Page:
The carousel is on what is probably its 15th lap, five minutes ago it was full of suitcases of varying shapes and sizes, now there are just a couple left. I am on my own, approaching 11.30 at night, in the arrivals baggage reclaim of the tiny Asturius airport in northern Spain. A old Spanish lady hobbles past and lugs a huge beaten up case off the conveyor. She drags it past me, giving me a 'sorry for your loss' look. She knows what has been slowly dawning on me, my bike did not make the flight!
I make the lonely walk to the information desk. A nice gent quickly and efficiently types my details into his DOS based 90s computer, and confirms that my bike is currently still loitering at Heathrow. ''Next flight here is in 2 days, it will be on that flight.'' he explained. ''I'm only here for 4 days!'' I replied. ''Ok, I'll get it flown to Madrid, driven here and then to your hotel tomorrow'' he confidently concluded. Somehow I wasn't convinced l'd see it again. I rejoin my travelling companion who had earlier gone off to sort out the car hire. '"Uh-oh'' was his reaction when seeing me bikeless. ''Mate, can you give me a backie up the Angliru?''
So we are here to ride some of Cantabrico's toughest climbs, featured regularly in the Vuelta Espana, although without a bike I am somewhat screwed. I don't panic, it wouldn't help the situation, tomorrow is another day and I will try to find somewhere to hire a bike and salvage the holiday.
Luck is on our side as we discover an excellent bike shop within a mile from our hotel in Oviedo. Carmabike had me fully equipped and ready to roll by the following lunchtime. Although alot heavier than my beloved Pinarello, it boasted a lower gear (34F 32R), a gear than would save my bacon on many occasions over the next few days.
Our hotel, by the way, was a monster. I'd never seen anything like it. Its structure was totally out of scale and out of sorts to the rest of the buildings in town. It was like a space ship dominating the surroundings and wherever you were in town you could always see it and easily find your way back. Even at the top of the first climb out of town (Alto de Naranco, the summit finish on stage 9 of this years Vuelta) we looked over Oviedo and it was unmissable, like a blot on the landscape. You would never be able to get lost! The room however did offer a perfect view of the mountains that we were just about to embark on. We just did a small loop on day one, but it featured an interesting off road section. For miles we rode up and down a great meandering track across beautiful countryside, not knowing if it would just end abruptly and we would have to back track. But after some serious ramps and fun descents it popped out at a road which would take us back to town.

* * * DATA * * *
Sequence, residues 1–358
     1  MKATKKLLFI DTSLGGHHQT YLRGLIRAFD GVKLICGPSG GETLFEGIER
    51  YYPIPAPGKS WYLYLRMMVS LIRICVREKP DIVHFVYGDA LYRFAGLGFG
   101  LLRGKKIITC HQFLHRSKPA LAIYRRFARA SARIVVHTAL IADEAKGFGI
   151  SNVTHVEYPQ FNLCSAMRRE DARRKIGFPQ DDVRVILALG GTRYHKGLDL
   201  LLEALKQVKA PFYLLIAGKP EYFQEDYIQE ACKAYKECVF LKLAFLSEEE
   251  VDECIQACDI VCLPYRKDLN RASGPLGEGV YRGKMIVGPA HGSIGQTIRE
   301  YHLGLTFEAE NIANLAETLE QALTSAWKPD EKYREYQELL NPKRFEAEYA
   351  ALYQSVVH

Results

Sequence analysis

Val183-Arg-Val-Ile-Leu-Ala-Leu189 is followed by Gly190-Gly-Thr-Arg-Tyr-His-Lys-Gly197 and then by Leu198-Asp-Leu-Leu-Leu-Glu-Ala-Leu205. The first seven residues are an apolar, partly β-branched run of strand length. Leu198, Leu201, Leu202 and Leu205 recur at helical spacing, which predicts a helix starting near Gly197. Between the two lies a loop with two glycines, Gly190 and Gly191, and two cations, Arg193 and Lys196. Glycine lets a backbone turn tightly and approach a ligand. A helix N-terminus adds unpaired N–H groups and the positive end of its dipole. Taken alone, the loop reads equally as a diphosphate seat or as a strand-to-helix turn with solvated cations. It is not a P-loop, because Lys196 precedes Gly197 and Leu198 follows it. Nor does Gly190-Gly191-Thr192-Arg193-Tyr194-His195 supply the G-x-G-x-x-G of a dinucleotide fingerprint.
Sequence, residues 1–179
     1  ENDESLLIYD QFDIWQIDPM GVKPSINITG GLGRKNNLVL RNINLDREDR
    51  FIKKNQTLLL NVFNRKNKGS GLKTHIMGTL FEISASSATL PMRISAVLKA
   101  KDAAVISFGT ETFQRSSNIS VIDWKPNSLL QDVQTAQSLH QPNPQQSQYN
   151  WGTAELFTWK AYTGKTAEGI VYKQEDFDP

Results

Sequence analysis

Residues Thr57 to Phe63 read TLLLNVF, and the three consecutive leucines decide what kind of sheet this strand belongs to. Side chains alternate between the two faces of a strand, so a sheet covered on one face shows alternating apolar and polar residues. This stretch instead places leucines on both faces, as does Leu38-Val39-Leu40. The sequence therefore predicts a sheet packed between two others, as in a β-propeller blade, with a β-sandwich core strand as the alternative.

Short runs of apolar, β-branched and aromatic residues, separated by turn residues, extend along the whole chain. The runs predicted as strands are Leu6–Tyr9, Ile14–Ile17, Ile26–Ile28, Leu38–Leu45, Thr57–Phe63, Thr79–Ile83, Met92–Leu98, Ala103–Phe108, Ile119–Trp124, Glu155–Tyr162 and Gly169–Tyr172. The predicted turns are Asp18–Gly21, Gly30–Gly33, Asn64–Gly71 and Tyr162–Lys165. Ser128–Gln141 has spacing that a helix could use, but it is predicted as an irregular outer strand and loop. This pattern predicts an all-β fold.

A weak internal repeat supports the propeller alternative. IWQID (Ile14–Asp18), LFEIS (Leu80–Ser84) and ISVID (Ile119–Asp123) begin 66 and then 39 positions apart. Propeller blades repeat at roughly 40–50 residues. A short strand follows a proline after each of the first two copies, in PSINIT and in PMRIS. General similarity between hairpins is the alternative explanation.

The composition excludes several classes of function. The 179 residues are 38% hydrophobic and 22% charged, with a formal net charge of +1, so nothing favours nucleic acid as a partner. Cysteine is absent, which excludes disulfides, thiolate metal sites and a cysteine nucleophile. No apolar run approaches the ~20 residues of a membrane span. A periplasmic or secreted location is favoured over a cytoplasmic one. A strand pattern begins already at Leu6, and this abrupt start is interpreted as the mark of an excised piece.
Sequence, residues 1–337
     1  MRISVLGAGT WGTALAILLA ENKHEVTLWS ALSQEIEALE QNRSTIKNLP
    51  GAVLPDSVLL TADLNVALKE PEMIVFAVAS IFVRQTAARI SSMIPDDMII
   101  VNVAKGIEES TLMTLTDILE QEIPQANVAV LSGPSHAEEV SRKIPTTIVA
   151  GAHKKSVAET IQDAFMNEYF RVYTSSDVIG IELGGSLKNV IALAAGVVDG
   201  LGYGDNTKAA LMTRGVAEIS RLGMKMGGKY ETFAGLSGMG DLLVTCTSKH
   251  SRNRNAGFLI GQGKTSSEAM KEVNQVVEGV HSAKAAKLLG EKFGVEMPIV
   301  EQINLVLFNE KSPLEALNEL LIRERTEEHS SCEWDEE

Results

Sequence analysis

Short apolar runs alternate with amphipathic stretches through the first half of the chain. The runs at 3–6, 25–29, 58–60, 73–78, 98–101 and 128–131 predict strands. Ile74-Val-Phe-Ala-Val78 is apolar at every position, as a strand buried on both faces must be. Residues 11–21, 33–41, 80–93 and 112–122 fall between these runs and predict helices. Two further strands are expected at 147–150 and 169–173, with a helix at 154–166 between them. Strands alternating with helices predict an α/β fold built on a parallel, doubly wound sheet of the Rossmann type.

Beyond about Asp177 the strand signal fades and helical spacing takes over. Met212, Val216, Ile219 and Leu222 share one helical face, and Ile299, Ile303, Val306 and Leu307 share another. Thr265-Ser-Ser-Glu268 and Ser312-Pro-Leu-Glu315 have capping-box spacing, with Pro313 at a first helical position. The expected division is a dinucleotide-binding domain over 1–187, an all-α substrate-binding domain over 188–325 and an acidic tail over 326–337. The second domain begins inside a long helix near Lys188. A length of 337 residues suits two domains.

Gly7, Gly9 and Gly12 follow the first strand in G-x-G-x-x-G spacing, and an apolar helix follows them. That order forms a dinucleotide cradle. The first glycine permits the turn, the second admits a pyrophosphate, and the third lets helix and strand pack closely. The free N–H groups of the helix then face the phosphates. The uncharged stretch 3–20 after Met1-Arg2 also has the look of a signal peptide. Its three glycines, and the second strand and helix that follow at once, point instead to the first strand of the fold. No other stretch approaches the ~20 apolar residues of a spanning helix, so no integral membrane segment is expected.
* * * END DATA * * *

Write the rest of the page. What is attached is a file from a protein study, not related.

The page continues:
The following day's planned route was, on reflection, a bit ambitious, especially when you add in the unprecedented heatwave (we rode all day in the 40+ heat, all the locals we met said it's never usually this hot). We were in for quite a day.
First up was the Angliru, arguably the most famous climb in Spain. The lower gear here would help but in reality anything other than a one to one ratio is asking for trouble. When climbs are described, the stats you get are often misleading, 'average X% for Ykms, and max's at Z%' etc etc. Forget all that, the important factors are; A) have you had enough breakfast? B) are you actually getting too old for all this? and C) have you applied enough chamois cream? Now let's take these one at a time.
A) You literally can not eat enough breakfast pre long ride. We raid the buffet like locusts, course after course, ham, eggs, awful euro cereal flakes, oh and then the cake course !! Cake for breakfast, oh yes the perks of the long ride. Golden rule, of course, is to also take a small (empty) bag with you into breakfast. Most of the staff shouldn't notice that you leave 30 minutes later with a bulging full bag stuffed full of prepped sandwitches and of course more cake.
B) Now who is insinuating that I am too old for this? At 46 I'm still in my (elongated 30 year) prime :) The strength is still there but it's the inability to recover quickly that seems to be the limiting factor. Oh and my knees are buggered, walking up stairs is definitely not my forte! That and motivation, but more about that later.
C) Fortunately I had followed one of the golden rules when travelling on a plane with a bike; always keep your cycling shoes in separate luggage, so if your bike is lost you still had your own shoes to ride with the hire bike. Unfortunately I had packed my chamois cream in with my bike. Now I've shared lots of things with mates; beer, money, clothes, girls but one thing you don't share is chamois cream. The fear of possible repercussions from a double dip is far too great. So I tackle it all without the essential bottom protection.
I had been looking forward to riding up the Angliru for a while. It is pretty much the last of the classic climbs on my to do list and yes, it did live up to all expections. Very tough and nasty, especially the section towards the end know as La Cuena les Cabres - a sustained super steep pitch that had us weaving at maximum power, yet barely moving. Its position near the top of the climb, after you've already negotiated the previous harsh kilometres, means keeping moving borders on the impossible and it is potentially close to unrideable for some.